Why are worms considered to be great company? Because they are always down to earth… and the Health, Safety and Environmental team at Stanwell Power Station (SPS) couldn’t agree more… which is why it recently welcomed 40,000 of them to site!
On average, Stanwell Power Station produces 86 tonnes of general waste per annum, and this includes all organic waste, which currently makes its way into landfill.
The canteen alone produces an average of more than 500 kg of food scraps per annum, with volume increasing during high work periods, such as outages.
Knowing, “there has to be a better way”, the Health, Safety and Environment team at SPS went on the hunt for a solution and found the answer in Worms Downunder!
Specifically designed to thrive in a worm farm environment, Worms Downunder use a mix of compost worms, including Reds, Tigers, Blues, Gardener’s Friend, and European Night Crawlers (who knew there were that many kinds?!). By combining these species, the worm farm will remain active, and work more consistently throughout the varying temperatures during the seasons.
Now settled into their new home, our legless friends play a crucial role in contributing to our environmental sustainability by enabling vermicomposting.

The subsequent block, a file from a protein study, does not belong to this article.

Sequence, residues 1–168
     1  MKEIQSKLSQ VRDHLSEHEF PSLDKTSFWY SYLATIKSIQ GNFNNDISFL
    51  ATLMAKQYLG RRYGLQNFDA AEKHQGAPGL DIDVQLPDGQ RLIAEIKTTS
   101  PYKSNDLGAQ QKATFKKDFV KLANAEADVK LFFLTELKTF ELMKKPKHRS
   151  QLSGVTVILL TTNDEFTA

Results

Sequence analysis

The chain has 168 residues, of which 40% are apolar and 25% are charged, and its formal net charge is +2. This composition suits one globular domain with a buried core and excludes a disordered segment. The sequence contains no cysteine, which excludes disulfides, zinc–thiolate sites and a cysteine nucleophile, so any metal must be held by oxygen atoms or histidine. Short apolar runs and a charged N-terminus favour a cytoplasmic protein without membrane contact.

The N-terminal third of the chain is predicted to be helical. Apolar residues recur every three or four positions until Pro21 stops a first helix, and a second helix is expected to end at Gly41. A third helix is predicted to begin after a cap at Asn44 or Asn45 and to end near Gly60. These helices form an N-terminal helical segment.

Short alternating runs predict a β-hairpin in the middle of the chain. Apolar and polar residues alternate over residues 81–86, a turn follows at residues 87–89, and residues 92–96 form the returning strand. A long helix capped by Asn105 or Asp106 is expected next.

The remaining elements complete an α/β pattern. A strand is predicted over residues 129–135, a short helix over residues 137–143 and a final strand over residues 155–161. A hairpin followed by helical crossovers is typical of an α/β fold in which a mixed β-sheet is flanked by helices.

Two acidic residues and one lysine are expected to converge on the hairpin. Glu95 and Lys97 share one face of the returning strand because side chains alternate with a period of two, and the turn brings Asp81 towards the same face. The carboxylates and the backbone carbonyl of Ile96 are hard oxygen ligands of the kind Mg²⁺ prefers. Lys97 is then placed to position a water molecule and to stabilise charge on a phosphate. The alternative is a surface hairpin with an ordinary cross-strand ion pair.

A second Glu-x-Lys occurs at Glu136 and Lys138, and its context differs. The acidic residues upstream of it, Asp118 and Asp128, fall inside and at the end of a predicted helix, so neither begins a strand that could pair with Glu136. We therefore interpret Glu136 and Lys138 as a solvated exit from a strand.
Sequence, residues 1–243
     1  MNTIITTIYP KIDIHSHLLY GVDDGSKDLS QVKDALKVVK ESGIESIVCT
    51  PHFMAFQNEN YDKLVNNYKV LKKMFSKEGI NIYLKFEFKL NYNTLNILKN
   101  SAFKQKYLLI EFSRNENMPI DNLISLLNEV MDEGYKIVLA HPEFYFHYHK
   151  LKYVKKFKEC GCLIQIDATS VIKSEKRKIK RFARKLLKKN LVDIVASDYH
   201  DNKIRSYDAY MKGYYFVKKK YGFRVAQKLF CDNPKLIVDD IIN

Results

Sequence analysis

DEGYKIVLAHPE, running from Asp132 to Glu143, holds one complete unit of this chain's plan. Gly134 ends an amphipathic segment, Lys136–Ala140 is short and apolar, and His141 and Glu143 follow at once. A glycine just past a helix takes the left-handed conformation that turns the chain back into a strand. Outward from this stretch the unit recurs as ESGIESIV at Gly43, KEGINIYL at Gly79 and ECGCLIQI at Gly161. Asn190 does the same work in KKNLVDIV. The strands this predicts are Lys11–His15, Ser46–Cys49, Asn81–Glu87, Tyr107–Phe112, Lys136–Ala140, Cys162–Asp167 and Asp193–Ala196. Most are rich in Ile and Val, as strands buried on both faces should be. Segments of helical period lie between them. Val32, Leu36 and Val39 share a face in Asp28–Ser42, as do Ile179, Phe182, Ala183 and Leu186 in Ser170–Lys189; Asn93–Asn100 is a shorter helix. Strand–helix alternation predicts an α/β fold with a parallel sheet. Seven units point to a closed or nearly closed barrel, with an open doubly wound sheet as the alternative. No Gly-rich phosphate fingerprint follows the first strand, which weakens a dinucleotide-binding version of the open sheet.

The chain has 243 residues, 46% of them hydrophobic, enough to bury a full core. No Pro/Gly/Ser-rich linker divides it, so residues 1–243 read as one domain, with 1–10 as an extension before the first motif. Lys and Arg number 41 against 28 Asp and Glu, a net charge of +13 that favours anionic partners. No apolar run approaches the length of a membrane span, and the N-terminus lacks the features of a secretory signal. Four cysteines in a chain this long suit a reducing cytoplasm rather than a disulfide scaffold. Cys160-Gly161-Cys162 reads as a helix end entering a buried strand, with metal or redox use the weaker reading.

What is vermicomposting?
Vermicomposting is the process by which earthworms are used to convert organic materials into a humus-like material known as vermin-compost. Worms are capable to process approximately 50 per cent of their body weight per day. Vermicomposting is about twice as fast as conventional (thermophilic) composting, produces higher nutrient concentrations, and the aerobic process does not produce methane gas.
So, the next time you can only finish half your banana or pie, or you’ve left some crumbs from your crumbed steak – the worms say thanks and the worm farm can continue to grow to its maximum capacity of 160,000 worms!